It’s no secret that our culture’s overuse of antibiotics has created lots of antibiotic resistant bacteria. This has caused scientists to launch studies on the effectiveness of using different oils as antimicrobial, bacteria-killing agents. Today we are going to take a look at what oil pulling is, its effect on bacteria, and if it’s even worth the trouble.
What is Oil Pulling?
We first see oil pulling used as an Indian treatment for strengthening gums/teeth, getting rid of bad breath, and whitening teeth, with these being just a few of the perceived benefits. The technique is simple; swish with an edible oil (coconut, sesame, sunflower, vegetable) for ten to fifteen minutes. The oil will turn frothy white. After ten to fifteen minutes, spit the oil out and brush your teeth. Done.
How Does Oil Pulling Affect Bacteria?
Now, let’s talk about plaque. Plaque is basically a buildup of bad bacteria that forms on our teeth. It then can cause tooth decay, cavities, swollen gums, pain, and lots of other lovely things. So basically, we need to get rid of or reduce all of that. How do we know if oil pulling gets rid of the bad stuff? Let’s take a look at a couple of studies.
It is believed that the sesame seed is native to Africa. Sesame oil is made up of polyunsaturated fatty acids which are easy for our saliva to break down. Without running the risk of getting too complicated, since it is easy for our bodies to break down the fatty acids found in sesame oil, less free radicals are produced in our mouth. This is GOOD since free radicals cause all sorts of damage to the body, e.g., plaque buildup and unwanted bacteria growth. Sesame oil also contains Chlorosesamone which has been shown to have antifungal properties.
One Study on the Benefits of Oil Pulling. A study done by T. Anand showed that after 40 days of oil pulling, bacteria reduction in the mouth ranged from 10-33.4%. Fifty percent of participants had significant reduction in the amount of decay/plaque found in their mouths.
A Second Study on the Benefits of Oil Pulling. A second, randomized, controlled, triple-blind study was performed to discover the effects of oil pulling with sesame oil. They took twenty guys with plaque-induced gingivitis and divided them into two groups, a mouthwash group (active ingredient chlorhexidine, the active ingredient found in most mouthwashes) and an oil pulling group (sesame oil.)
The oil pulling group took 1 tablespoon of sesame oil and swished it between their teeth for ten to fifteen minutes. They were instructed to brush their teeth afterwards.
The mouthwash group swished a .12% chlorhexidine solution for one minute per day before brushing their teeth.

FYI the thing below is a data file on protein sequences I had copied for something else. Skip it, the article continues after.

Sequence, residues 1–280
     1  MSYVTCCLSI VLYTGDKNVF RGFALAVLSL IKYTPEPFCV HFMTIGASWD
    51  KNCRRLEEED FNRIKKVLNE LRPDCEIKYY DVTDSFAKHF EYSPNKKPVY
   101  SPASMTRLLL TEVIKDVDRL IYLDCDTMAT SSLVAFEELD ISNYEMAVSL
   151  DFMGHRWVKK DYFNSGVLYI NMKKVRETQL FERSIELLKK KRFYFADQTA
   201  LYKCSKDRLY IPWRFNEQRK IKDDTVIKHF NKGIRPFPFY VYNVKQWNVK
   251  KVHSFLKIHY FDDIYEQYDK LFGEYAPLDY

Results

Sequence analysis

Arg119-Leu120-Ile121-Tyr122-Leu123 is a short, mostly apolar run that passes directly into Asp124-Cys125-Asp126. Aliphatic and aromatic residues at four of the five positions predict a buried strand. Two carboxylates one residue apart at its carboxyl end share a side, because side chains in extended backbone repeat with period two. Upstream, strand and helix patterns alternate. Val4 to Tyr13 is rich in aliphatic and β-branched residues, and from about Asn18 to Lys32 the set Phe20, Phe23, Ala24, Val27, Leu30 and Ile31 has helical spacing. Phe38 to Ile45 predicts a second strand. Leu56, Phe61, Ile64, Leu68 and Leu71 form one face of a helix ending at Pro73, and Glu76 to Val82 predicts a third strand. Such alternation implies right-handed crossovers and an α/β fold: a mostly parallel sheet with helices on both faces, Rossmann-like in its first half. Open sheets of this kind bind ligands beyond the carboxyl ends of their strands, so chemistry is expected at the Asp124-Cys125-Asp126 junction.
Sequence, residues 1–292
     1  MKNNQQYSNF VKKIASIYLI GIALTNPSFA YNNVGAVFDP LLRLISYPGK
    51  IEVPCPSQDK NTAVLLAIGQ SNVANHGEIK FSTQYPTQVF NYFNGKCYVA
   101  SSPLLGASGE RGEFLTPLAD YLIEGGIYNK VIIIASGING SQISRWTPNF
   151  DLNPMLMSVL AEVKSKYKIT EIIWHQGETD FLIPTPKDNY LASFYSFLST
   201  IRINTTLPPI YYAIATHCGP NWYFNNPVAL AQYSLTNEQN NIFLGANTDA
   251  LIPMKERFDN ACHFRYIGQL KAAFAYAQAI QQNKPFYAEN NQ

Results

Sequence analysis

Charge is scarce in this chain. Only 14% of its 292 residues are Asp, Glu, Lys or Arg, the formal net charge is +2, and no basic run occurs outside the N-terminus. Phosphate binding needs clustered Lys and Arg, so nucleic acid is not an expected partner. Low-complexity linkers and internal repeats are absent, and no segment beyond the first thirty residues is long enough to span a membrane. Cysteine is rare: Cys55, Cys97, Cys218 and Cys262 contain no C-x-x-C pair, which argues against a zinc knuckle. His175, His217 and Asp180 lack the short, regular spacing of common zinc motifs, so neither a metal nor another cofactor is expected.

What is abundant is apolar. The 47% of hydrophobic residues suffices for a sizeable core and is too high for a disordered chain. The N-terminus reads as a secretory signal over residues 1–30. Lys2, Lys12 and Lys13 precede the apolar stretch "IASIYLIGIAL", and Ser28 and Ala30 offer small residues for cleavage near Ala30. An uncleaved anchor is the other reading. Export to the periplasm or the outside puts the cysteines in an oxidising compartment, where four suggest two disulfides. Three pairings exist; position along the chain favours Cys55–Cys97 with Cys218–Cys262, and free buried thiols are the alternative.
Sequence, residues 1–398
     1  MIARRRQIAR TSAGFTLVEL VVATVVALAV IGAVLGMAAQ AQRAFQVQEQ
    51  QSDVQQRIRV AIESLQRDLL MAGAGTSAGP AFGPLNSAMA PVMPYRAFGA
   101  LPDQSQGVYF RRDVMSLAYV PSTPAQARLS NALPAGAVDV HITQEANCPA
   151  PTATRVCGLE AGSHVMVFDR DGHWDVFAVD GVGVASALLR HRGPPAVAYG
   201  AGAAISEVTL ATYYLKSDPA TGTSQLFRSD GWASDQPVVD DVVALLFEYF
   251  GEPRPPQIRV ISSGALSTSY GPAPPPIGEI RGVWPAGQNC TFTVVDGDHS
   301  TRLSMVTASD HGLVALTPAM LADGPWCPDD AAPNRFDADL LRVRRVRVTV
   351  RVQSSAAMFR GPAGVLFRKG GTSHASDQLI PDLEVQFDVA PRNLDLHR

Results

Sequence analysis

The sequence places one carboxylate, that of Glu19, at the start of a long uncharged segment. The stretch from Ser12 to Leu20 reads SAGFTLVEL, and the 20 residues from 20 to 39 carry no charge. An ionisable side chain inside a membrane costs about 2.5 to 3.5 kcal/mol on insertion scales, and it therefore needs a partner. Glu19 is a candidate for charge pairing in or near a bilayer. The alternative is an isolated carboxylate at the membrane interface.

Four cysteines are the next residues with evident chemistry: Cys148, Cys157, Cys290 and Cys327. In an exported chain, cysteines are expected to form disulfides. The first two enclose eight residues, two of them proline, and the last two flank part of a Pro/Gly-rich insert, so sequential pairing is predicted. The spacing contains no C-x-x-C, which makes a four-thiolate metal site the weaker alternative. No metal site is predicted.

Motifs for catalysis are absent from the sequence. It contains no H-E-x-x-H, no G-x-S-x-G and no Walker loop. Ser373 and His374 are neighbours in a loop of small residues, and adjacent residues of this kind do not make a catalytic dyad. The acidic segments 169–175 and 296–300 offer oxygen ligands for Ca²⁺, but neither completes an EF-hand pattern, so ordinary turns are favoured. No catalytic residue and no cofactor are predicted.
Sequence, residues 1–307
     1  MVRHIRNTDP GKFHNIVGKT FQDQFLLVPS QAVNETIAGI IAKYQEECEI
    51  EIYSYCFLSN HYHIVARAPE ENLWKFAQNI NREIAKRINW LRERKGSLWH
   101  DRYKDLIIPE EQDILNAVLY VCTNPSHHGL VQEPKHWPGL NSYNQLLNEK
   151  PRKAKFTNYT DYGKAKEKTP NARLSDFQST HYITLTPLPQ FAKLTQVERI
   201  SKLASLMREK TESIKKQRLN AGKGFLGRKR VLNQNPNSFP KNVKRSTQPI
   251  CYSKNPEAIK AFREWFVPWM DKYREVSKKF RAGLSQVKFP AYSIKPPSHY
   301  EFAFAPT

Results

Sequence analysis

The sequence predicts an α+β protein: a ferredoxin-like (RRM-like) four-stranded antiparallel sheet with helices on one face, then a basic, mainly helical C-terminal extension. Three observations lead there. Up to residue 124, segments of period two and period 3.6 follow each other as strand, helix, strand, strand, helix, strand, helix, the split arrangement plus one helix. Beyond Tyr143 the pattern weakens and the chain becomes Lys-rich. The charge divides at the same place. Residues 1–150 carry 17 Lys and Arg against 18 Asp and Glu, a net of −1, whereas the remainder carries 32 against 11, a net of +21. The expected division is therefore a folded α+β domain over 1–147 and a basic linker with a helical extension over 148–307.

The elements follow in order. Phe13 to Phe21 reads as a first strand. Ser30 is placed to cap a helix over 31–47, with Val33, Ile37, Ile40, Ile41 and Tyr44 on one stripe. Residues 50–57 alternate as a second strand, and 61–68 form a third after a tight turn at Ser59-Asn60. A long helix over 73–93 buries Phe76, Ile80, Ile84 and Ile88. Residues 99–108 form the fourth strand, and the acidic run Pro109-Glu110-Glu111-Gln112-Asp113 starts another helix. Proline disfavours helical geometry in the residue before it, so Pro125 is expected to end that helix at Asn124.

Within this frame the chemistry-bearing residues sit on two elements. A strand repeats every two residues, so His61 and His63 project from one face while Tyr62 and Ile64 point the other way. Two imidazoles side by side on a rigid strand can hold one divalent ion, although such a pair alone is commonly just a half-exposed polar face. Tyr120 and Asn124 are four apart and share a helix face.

This went on for ten days
Results? The oil pulling therapy was equally effective against plaque-induced gingivitis as the mouthwash.
Both groups showed decreases in plaque index score, gingival index score, and total microorganisms present
Now, how does it work?
Oil pulling does NOT “pull toxins out of your blood.” The mucosa lining in the mouth doesn’t let the toxins escape through it, nullifying that theory.
Sesame oil is a fat. The fatty oil creates an environment that makes it difficult for bacteria to stick to your teeth. Additionally, oil pulling actually creates a kind of soap in your mouth. As the fat is broken down in a process known as saponification, a cleansing formula is created in your mouth that is full of antioxidants. The part of the oil that does not become saponified protects your mouth from infection and inflammation with the leftover antioxidants from the sesame oil.
Is Oil Pulling Worth the Trouble?
So maybe there is something to the traditional use of oil pulling which says it prevents bleeding gums, decay, bad breath, weak teeth, dry lips and dry mouth. It sure seems like it is worth a shot, especially when you consider that chlorhexidine, the active ingredient in most mouthwashes, has some undesirable side effects such as staining your teeth with prolonged use and changing taste perception. Anything with warnings such as “may cause chemical burns in small children” and side effects including mouth ulcers, salivary gland swelling, dry mouth, and decreased taste sensation, shouldn’t be used on any of your family members.
Give oil pulling a try. Take little steps to take care of yourself, the natural way.
Anand, T. D., C. Pothiraj, R. M. Gopinath, and B. Kayalvizhi. "Effect of Oil-pulling on Dental Caries Causing Bacteria." African Journal of Microbiology Research 2 (March 2008): 063-66. Academic Journals. PG Department of Microbiology,. Web. 31 Dec. 2015. <http://www.academicjournals.org/article/article1380102380_Anand%20et%20al.pdf>.
Chlorhexidine Gluconate. http://www.drugs.com/mtm/chlorhexidine-gluconate-...
Asokan S, Emmadi P, Chamundeswari R. Effect of oil pulling on plaque induced gingivitis: A randomized, controlled, triple-blind study. Indian J Dent Res 2009;20:47-51
Asokan S. Oil pulling therapy. Indian J Dent Res 2008;19:169